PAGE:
Staring at the shadows dancing across the ceiling at 1 a.m. again? If only there were something — natural yet effective — to help you get to sleep and stay in the Land of Nod. Enter pistachios (maybe). Does their melatonin content help you snooze?
Do pistachios contain melatonin?
Like all seeds and nuts, pistachios provide a bunch of melatonin.
However, the 2019 study suggesting just how much they provide has a few flaws and potential biases. And it only looked at one type of pistachios — American pistachios.
So while they do provide melatonin, are they a miracle cure for sleep problems? Probably not, TBH, as supplements provide a whole heap more melatonin that dietary sources, anyway.
Still, pistachios are tasty and nutritious.
The Internet buzz is that pistachios just might be that magic little sleeping “pill” from Mama Earth’s pantry/medicine cabinet. And they come in funky little jackets to boot.
Let’s crack this one open and pop out all the info you need on these seeds.
Not gonna keep ya in suspense — pistachios have melatonin. And plenty of it.
But before we go nuts with all kinds of data — kernels of wisdom, if you will — how about a brief primer on melatonin? It’s key that you understand what it is and why it’s so darned hyped.
Melatonin for the newb
Melatonin is much more than a trendy and casually tossed around buzzword.
First thing to know is that melatonin is a hormone. It’s naturally produced by and in your brain. But, you can also get melatonin from foods or synthetic supplements.
Melatonin helps your body regulate its internal cycles and functions — like sleeping. (Perhaps you’ve heard the term circadian rhythms? Yah, that’s what we’re talking about here.) There are any number of things that can disrupt how your body produces melatonin, like:
- poor sleep hygiene (Really, banish that blue-lit cellphone from your bedside!)
- travel across time zones
- the list goes on…
When you have a melatonin deficiency or your body clock is outta whack, you can develop a whole bunch of issues. Sleep troubles are somewhere near the top of the pile. Many people supplement their melatonin to resolve their slumber challenges.
Pistachios and melatonin: a promising study
OK, back to pistachios and melatonin.
According to a 2019 study American pistachios have mega quantities of melatonin — a whopping 660 nanograms per gram (ng/g) of the stuff.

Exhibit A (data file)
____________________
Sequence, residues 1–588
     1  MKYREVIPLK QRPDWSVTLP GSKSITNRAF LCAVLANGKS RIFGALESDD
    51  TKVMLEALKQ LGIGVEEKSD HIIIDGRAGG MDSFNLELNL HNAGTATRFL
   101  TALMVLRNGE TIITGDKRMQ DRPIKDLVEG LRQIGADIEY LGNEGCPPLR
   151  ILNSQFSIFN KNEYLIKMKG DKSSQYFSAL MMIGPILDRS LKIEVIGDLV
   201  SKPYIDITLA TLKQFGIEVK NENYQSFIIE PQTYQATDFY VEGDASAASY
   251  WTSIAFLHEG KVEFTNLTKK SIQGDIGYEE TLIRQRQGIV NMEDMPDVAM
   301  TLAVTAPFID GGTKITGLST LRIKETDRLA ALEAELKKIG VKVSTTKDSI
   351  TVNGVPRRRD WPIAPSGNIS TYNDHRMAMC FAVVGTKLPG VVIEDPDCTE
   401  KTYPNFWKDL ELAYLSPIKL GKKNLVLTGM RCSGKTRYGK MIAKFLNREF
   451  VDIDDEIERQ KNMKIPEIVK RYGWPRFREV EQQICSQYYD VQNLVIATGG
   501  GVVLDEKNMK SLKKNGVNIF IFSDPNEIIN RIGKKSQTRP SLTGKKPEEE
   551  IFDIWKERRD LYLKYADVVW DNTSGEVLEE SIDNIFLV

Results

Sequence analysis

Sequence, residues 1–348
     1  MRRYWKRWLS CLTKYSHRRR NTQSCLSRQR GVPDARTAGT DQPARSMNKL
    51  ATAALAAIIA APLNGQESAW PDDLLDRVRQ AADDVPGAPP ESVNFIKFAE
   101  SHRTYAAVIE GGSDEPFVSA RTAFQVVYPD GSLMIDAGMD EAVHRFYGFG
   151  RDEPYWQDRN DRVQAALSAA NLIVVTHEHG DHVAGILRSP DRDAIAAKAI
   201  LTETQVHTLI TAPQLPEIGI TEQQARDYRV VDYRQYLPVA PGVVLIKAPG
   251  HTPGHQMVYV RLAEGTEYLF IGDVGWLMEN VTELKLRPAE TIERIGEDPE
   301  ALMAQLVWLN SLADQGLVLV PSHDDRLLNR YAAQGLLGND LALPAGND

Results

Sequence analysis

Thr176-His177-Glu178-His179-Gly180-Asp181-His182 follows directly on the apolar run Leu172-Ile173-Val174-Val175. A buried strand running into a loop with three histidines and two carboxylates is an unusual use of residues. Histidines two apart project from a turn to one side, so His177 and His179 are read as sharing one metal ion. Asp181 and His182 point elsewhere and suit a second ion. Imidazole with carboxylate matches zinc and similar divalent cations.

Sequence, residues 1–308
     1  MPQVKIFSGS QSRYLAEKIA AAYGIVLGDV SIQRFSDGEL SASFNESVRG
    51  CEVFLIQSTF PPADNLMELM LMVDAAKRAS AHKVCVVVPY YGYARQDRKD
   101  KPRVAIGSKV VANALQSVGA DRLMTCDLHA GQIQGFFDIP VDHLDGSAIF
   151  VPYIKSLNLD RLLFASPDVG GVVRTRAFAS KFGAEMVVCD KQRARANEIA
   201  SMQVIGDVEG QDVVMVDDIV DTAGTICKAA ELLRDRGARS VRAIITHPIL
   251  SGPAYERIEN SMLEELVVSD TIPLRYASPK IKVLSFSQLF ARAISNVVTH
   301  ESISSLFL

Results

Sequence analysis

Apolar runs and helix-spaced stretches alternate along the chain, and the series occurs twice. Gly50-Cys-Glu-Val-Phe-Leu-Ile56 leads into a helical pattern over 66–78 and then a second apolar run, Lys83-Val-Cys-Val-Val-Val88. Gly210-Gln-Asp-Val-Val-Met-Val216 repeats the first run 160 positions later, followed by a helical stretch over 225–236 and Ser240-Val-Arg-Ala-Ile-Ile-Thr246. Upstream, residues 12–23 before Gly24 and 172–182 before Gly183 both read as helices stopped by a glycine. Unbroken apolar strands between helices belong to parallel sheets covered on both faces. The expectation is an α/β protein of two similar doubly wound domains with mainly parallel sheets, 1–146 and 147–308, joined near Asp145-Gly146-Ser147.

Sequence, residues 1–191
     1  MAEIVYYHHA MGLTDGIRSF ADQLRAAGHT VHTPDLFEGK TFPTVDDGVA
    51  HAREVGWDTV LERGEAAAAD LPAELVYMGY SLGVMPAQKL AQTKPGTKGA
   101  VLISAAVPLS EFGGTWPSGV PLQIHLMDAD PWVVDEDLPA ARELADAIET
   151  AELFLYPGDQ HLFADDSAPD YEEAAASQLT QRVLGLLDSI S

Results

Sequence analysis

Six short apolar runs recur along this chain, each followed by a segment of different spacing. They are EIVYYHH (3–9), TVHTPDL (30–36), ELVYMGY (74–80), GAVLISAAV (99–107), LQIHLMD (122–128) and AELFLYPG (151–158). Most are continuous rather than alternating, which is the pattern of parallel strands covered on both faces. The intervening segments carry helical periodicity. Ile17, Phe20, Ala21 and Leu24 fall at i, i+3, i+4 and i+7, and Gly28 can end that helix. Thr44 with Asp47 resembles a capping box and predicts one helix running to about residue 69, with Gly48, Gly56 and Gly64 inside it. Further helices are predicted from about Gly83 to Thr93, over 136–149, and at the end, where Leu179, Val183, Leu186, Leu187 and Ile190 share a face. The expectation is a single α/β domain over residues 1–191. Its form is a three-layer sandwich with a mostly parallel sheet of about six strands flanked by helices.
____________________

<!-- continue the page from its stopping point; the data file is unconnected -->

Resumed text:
It was already documented that nuts and seeds provide the most melatonin of all plant sources. The LSU/APG research underscores that pistachios just happen to be an even more melatonin-y member of that food group.
Before you unfurl your bedroll and start scarfing down pistachios, though, there are some potential caveats to mention about this study.
- It was sponsored by an industry trade group. There could be some bias? “Wow, American pistachios are the best!” say the people growing American pistachios.
- It only looked at American pistachios. The U.S. only grows a handful of the 45 main pistachio varieties. All American pistachios are grown in California, Arizona, and New Mexico. A 2017 benchmark study of dietary melatonin analyzed other types (possibly grown in other places with different environments) and found that those pistachios have melatonin levels of about 230 ng/g.
- The study abstract highlights results based on UHPLC analysis. A different kind of analysis, spectrofluorometry, had different results that showed much lower melatonin levels in pistachios. (But pistachios are still melatonin leaders among its kin.)
One thing to note here is that food sources of melatonin may work differently or have a different degree of effectiveness than melatonin supplements.
One animal study suggested that melatonin from food impacted the test subjects much less than melatonin from supplements.
That said, melatonin can be a total workhorse in your bod.
Benefits of melatonin
Melatonin does a body good! In fact, it can help with much more than sending your jet lag on a one-way trip to elsewhere or wrangling that insomnia into submission.